Diabetes becomes a real problem of public health in developing countries, where its prevalence is increasing steadily. Diabetes mellitus can be found in almost every population in the world. Since the Ayurvedic practice started in India, plants are being used in the cure of diseases. Although the Catharanthus roseus have been used for their alleged health benefits and avail their hypoglycemic effect, used as medicine by diabetics. Medicinal plants have rarely been incorporated in food preparations. To fill these lacunae, food products were prepared by using Catharanthus roseus (Sadabahar) fresh leaves with hypoglycemic properties. Commonly consumed recipes in India are prepared for diabetic patients and were developed at different levels at 3 g, 4 g, and 6 g per serving. Food product development and their acceptability appraisal through organoleptic evaluation were carried out by semitrained panel comprising 15 trained panelists from the department of Food Science and Nutrition, Banasthali University. Seven products were developed by incorporating Catharanthus roseus fresh leaves. Nine point hedonic scale was used as a medium to know about the product acceptability at various variances. All products are moderately acceptable at different concentrations except product fare “6 g” which was more acceptable than the standard. Among the three variations of incorporating the Catharanthus roseus (Sadabahar) Leaves, 3 g variation is more acceptable than other variations.

1. Introduction

Diabetes mellitus is a chronic condition characterized by major derangements in glucose metabolism and abnormalities in fat and protein metabolism [1]. Patients use many products and modalities to treat diabetes or its comorbidities. People with diabetes are 1.6 times more likely to use a complementary and alternative medicine (CAM) treatment modality than those without diabetes [2].

The World Health Organization (WHO) estimates that currently more than 180 million people worldwide have diabetes and it is likely to double by 2030, with India, China, and the United States predicted to have the largest number of affected individuals [3]. Many plants and their active chemical compounds have demonstrated activity in the treatment of various disorders [4]. According to ethnobotanical information, more than 800 plants are used as traditional remedies in one or other form for the treatment of diabetes [5]. With the disturbing rise in the prevalence of this metabolic disease and associated healthcare cost, interest in alternative or complementary therapies has been grown. This interest is due to reasons such as ease of access, better culture acceptability and compatibility, cost effectiveness, and also the bid to “Go Natural”.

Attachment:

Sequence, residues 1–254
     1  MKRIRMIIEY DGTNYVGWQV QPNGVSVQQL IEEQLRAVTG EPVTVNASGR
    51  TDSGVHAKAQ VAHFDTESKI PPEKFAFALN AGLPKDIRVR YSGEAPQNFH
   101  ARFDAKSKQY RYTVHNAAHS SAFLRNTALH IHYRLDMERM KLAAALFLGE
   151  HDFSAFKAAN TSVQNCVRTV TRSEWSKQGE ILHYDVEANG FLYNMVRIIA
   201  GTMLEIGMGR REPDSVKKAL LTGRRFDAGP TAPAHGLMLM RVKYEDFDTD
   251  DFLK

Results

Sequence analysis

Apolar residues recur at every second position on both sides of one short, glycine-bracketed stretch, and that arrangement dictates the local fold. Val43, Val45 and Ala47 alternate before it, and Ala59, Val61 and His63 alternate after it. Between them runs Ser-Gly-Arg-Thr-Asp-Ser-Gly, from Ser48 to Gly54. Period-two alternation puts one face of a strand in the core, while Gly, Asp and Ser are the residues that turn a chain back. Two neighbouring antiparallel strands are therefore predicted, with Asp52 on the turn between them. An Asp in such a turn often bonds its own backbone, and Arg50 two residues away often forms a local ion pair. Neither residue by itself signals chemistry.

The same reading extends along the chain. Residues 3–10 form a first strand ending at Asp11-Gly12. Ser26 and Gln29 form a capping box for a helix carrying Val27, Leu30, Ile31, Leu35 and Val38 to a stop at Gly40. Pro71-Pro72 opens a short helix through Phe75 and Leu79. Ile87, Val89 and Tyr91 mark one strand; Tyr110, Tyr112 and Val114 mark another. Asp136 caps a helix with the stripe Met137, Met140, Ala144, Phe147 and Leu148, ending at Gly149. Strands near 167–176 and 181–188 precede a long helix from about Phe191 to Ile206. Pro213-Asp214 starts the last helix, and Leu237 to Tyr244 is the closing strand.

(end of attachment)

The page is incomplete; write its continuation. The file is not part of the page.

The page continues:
A plant is a living organism able to convert inorganic material into organic molecules necessary for the life of the plant itself and serves as food, for example, insects, animals, and humans. Plants also provide medicines and many other commodities. However, our knowledge about plants with their enormous diversity is still limited in many aspects. Still many novel products might be obtained from plants; however, this is hampered by the rapid loss of plant diversity on earth due to, for example, deforestation. The sustainable exploitation of plants for food and medicines requires extensive knowledge about plants. As the world’s population grows to an estimated 9 billion people in 2050, the availability of food and medicines for all people in the future should be a concern to all of us. Up to now, plants remain a primary source of medicines for most people in the world. Therefore, research in plant science is of great importance for human health, both for the production of healthier food and for development and production of medicines [6].

The important values of some plants have long been published but a large number of them remain unexplored. So, there is a necessity to explore their uses and to conduct pharmacognostic and pharmacological studies to ascertain their therapeutic properties. Despite considerable progress in the management of diabetes mellitus by synthetic drugs, the search for natural antidiabetic plant products for controlling diabetes is going on. There are many hypoglycemic plants known through the folklore but their introduction into the modern therapy system awaits the discovery of animal test system that is closely parallel to the pathological course of diabetes in human beings. Hypoglycemic activity has been reported in many plants during the last twenty years [7].